Bad weather forced Indonesian authorities to conduct underwater search operations for the wreckage of the crashed AirAsia jetliner only briefly on Sunday, with officials also saying that they are yet to pick up any signals from the plane’s “black box”.
A week after the Airbus A320 crashed into the Java Sea with 162 people aboard, Indonesia’s search-and-rescue agency said sonar imaging revealed a fifth large object — measuring nearly 10 meters in length - in a search area off the southwest coast of Borneo, the Wall Street Journal reported.
Earlier on Saturday, the agency said that it had found four main parts of the jetliner, with the largest measuring about 18 meters, on the seafloor. Divers haven’t made contact with that wreckage.
Bambang Soelistyo, the agency’s head, was quoted as saying Sunday that his team couldn’t deploy a remotely operated vehicle in the search area because currents are moving faster than the machine allows.
A total of 34 bodies had been recovered as of the evening of Jan. 4, and all had been sent to Surabaya, where the flight originated. But operations slowed overall on Sunday, with the weather allowing divers to enter the water only briefly.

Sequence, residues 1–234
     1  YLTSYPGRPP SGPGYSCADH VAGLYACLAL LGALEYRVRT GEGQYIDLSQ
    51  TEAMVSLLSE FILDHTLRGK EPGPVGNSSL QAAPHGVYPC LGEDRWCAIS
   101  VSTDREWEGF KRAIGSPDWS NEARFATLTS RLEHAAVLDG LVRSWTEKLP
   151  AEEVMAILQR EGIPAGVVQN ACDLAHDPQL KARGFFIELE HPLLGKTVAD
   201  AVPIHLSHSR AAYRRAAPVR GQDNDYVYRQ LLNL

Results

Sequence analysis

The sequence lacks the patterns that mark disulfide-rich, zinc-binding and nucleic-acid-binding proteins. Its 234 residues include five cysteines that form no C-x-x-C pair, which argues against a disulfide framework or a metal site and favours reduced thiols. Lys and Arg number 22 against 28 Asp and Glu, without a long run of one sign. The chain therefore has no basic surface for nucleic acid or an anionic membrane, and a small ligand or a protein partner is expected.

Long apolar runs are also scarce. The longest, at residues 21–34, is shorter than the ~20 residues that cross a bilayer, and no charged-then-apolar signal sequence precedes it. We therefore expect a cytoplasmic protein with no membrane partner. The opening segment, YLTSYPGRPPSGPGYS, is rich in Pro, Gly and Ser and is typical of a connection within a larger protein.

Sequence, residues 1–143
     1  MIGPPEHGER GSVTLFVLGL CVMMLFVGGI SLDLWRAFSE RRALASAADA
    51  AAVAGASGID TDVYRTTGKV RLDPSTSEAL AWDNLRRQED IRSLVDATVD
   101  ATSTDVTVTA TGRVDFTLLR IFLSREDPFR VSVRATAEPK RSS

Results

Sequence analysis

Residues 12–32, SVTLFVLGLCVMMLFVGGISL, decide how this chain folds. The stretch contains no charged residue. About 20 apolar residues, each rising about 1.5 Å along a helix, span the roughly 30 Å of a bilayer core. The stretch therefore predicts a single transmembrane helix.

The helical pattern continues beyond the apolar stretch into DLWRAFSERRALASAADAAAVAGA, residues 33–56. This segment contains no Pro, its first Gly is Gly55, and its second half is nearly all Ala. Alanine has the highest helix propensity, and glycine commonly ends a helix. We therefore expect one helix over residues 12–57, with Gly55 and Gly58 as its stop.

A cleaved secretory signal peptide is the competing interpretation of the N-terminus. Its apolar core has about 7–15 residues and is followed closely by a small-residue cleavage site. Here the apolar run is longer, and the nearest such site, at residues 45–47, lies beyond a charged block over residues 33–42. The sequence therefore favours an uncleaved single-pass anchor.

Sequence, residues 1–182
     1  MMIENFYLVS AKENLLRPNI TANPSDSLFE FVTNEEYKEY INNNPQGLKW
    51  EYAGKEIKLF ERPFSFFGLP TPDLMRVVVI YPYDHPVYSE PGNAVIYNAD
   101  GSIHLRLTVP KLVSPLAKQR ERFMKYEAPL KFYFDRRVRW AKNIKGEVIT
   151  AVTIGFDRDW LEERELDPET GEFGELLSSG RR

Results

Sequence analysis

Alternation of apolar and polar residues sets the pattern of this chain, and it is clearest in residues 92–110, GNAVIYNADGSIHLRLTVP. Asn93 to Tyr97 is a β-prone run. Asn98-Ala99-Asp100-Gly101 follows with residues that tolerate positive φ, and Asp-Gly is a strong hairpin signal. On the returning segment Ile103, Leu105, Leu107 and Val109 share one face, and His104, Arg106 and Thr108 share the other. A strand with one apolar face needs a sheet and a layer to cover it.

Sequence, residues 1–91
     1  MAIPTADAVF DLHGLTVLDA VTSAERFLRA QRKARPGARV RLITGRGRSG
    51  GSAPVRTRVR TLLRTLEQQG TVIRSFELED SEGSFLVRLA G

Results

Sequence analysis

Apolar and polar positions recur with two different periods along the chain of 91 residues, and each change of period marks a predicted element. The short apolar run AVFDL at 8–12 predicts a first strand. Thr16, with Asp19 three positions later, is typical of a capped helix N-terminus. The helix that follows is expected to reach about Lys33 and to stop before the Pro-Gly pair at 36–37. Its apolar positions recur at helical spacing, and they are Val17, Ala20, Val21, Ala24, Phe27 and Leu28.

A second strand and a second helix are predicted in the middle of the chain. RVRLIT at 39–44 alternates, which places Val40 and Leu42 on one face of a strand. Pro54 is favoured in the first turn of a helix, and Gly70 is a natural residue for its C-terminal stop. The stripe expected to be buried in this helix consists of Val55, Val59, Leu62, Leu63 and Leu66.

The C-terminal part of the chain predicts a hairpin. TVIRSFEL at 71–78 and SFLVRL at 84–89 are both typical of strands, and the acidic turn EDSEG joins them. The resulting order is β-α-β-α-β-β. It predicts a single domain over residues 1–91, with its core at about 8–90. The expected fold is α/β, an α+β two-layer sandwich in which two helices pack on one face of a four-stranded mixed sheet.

“If we look at the forecast for tomorrow [Monday], we’re hopeful,” Soelistyo was quoted as saying. he added that his priority is to send divers to the areas of wreckage, while five ships will search for the plane’s black box data recorders.
Flight 8501 lost contact with air-traffic control on the morning of Dec. 28 less than an hour into its trip to Singapore from Surabaya. Icing was the most likely weather-related cause for the crash, meteorological experts said.
Indonesian officials, meanwhile, said over the weekend that AirAsia didn’t have a permit to fly the Surabaya-Singapore route on Dec. 28.
The airline was allowed to fly the route only on Mondays, Tuesdays, Thursdays and Saturdays, authorities said. The company’s flights from Surabaya to Singapore have been suspended.
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